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Black Swan Risks Heading into 2016 [Chart]

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Black Swan Risks Heading into 2016 [Chart]

Black Swan Risks Heading into 2016 [Chart]

SocGen’s latest evaluation still sees steep downside risk to market

The Chart of the Week is a weekly Visual Capitalist feature on Fridays.

Société Générale has come out with their most recent list of what the bank considers to be potential “black swans” to the market.

France’s third largest bank publishes this list as part of their Global Economic Outlook. As several users have pointed out in the past, we are indeed aware that black swans are by nature unlikely and extremely difficult to predict. We agree with this, but we do find SocGen’s list a useful way of understanding some of the upcoming risks in the market that could sway investor sentiment and opinion.

In the latest edition of the report, which was published this week, the bank still sees an excess of potential downside risks to the global economy. The greatest of these risks, slated at only a 10% probability but with maximum impact potential, is a new global recession. The report mentions as well that a hard landing in China could have similar effects.

Downside risks and their probability:

  • 45% – Great Britain leaves the EU (Impact: low)
  • 30% – China’s economy has a hard landing (Impact: high)
  • 25% – U.S. consumers save more than expected (Impact: medium)
  • 10% – Fed hikes too late (Impact: medium to high)
  • 10% – New global recession (Impact: high)

Upside risks and their probability:

  • 20% – Stronger investment and trade (Impact: medium to high)
  • 15% – More fiscal accommodation (Impact: medium)
  • 10% – Fast track reform (Impact: low)

One risk that could be added to the mix is some sort of a deflationary spiral. These are words that no central banker wants to hear, but signs of deflation are popping up all over the market. For example, as we showed in a recent chart, nearly all commodities got hammered over 2015.

The impact of such a spiral would be catastrophic, and the Fed has limited means to combat such an event. That said, it is tough to discern whether deflation will continue to be found sprinkled benignly throughout the economy, or if it could somehow snowball into the full-on death spiral.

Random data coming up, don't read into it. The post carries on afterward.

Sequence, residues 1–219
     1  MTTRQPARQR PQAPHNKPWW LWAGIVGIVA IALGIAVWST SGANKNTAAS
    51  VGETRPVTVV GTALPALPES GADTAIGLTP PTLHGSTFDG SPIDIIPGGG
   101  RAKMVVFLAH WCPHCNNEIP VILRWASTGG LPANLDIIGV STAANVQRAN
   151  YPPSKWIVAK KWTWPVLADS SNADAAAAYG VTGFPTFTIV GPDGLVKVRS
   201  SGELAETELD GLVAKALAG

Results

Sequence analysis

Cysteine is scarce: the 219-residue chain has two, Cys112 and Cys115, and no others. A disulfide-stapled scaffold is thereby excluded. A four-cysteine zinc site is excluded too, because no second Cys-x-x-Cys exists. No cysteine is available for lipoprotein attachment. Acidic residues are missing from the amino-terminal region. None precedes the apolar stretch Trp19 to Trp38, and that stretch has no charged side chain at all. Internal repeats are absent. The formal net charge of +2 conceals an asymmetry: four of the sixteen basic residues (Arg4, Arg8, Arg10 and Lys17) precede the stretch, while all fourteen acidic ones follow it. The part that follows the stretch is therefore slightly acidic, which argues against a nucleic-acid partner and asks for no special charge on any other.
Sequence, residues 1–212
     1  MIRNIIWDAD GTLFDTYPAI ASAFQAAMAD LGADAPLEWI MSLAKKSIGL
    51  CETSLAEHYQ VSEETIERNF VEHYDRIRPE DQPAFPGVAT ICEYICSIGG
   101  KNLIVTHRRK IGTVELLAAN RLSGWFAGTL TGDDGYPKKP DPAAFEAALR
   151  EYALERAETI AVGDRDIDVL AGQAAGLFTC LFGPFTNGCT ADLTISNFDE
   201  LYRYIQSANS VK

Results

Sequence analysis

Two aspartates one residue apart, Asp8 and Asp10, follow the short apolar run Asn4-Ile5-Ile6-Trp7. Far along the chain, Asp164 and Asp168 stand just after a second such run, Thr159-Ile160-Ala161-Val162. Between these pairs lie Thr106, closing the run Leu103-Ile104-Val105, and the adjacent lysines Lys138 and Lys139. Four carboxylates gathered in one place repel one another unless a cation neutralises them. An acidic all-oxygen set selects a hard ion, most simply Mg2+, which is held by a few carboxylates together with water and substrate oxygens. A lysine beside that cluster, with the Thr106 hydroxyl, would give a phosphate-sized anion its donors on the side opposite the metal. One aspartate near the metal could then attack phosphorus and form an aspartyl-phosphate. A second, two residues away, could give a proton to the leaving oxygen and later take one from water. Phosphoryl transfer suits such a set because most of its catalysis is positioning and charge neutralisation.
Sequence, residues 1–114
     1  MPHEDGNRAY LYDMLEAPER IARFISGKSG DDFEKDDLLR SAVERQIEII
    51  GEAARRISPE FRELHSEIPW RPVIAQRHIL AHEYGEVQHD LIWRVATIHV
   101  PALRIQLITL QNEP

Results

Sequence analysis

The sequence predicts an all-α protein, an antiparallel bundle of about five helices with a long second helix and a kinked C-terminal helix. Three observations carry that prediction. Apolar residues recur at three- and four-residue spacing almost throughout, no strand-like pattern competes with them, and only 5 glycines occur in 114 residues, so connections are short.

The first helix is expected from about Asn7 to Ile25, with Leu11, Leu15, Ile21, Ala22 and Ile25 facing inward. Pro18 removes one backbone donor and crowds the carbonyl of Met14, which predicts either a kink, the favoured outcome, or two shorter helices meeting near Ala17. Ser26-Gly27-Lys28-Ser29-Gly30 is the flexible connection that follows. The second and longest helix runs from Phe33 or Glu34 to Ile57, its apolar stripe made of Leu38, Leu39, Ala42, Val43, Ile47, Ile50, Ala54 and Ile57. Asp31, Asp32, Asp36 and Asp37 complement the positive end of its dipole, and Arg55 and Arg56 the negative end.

Black swan indeed.

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U.S. Debt Interest Payments Reach $1 Trillion

U.S. debt interest payments have surged past the $1 trillion dollar mark, amid high interest rates and an ever-expanding debt burden.

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This line chart shows U.S. debt interest payments over modern history.

U.S. Debt Interest Payments Reach $1 Trillion

This was originally posted on our Voronoi app. Download the app for free on iOS or Android and discover incredible data-driven charts from a variety of trusted sources.

The cost of paying for America’s national debt crossed the $1 trillion dollar mark in 2023, driven by high interest rates and a record $34 trillion mountain of debt.

Over the last decade, U.S. debt interest payments have more than doubled amid vast government spending during the pandemic crisis. As debt payments continue to soar, the Congressional Budget Office (CBO) reported that debt servicing costs surpassed defense spending for the first time ever this year.

This graphic shows the sharp rise in U.S. debt payments, based on data from the Federal Reserve.

A $1 Trillion Interest Bill, and Growing

Below, we show how U.S. debt interest payments have risen at a faster pace than at another time in modern history:

DateInterest PaymentsU.S. National Debt
2023$1.0T$34.0T
2022$830B$31.4T
2021$612B$29.6T
2020$518B$27.7T
2019$564B$23.2T
2018$571B$22.0T
2017$493B$20.5T
2016$460B$20.0T
2015$435B$18.9T
2014$442B$18.1T
2013$425B$17.2T
2012$417B$16.4T
2011$433B$15.2T
2010$400B$14.0T
2009$354B$12.3T
2008$380B$10.7T
2007$414B$9.2T
2006$387B$8.7T
2005$355B$8.2T
2004$318B$7.6T
2003$294B$7.0T
2002$298B$6.4T
2001$318B$5.9T
2000$353B$5.7T
1999$353B$5.8T
1998$360B$5.6T
1997$368B$5.5T
1996$362B$5.3T
1995$357B$5.0T
1994$334B$4.8T
1993$311B$4.5T
1992$306B$4.2T
1991$308B$3.8T
1990$298B$3.4T
1989$275B$3.0T
1988$254B$2.7T
1987$240B$2.4T
1986$225B$2.2T
1985$219B$1.9T
1984$205B$1.7T
1983$176B$1.4T
1982$157B$1.2T
1981$142B$1.0T
1980$113B$930.2B
1979$96B$845.1B
1978$84B$789.2B
1977$69B$718.9B
1976$61B$653.5B
1975$55B$576.6B
1974$50B$492.7B
1973$45B$469.1B
1972$39B$448.5B
1971$36B$424.1B
1970$35B$389.2B
1969$30B$368.2B
1968$25B$358.0B
1967$23B$344.7B
1966$21B$329.3B

Interest payments represent seasonally adjusted annual rate at the end of Q4.

At current rates, the U.S. national debt is growing by a remarkable $1 trillion about every 100 days, equal to roughly $3.6 trillion per year.

As the national debt has ballooned, debt payments even exceeded Medicaid outlays in 2023—one of the government’s largest expenditures. On average, the U.S. spent more than $2 billion per day on interest costs last year. Going further, the U.S. government is projected to spend a historic $12.4 trillion on interest payments over the next decade, averaging about $37,100 per American.

Exacerbating matters is that the U.S. is running a steep deficit, which stood at $1.1 trillion for the first six months of fiscal 2024. This has accelerated due to the 43% increase in debt servicing costs along with a $31 billion dollar increase in defense spending from a year earlier. Additionally, a $30 billion increase in funding for the Federal Deposit Insurance Corporation in light of the regional banking crisis last year was a major contributor to the deficit increase.

Overall, the CBO forecasts that roughly 75% of the federal deficit’s increase will be due to interest costs by 2034.

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